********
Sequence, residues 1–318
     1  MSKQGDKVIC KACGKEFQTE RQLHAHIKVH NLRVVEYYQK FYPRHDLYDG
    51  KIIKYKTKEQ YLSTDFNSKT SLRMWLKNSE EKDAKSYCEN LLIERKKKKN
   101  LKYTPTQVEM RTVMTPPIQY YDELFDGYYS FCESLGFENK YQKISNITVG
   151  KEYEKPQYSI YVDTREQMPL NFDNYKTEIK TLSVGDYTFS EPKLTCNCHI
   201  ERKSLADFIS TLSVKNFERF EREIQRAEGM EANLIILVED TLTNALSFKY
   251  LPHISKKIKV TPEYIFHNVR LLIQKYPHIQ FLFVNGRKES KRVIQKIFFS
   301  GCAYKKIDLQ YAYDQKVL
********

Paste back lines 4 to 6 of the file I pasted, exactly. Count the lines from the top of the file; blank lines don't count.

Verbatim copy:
   101  LKYTPTQVEM RTVMTPPIQY YDELFDGYYS FCESLGFENK YQKISNITVG
   151  KEYEKPQYSI YVDTREQMPL NFDNYKTEIK TLSVGDYTFS EPKLTCNCHI
   201  ERKSLADFIS TLSVKNFERF EREIQRAEGM EANLIILVED TLTNALSFKY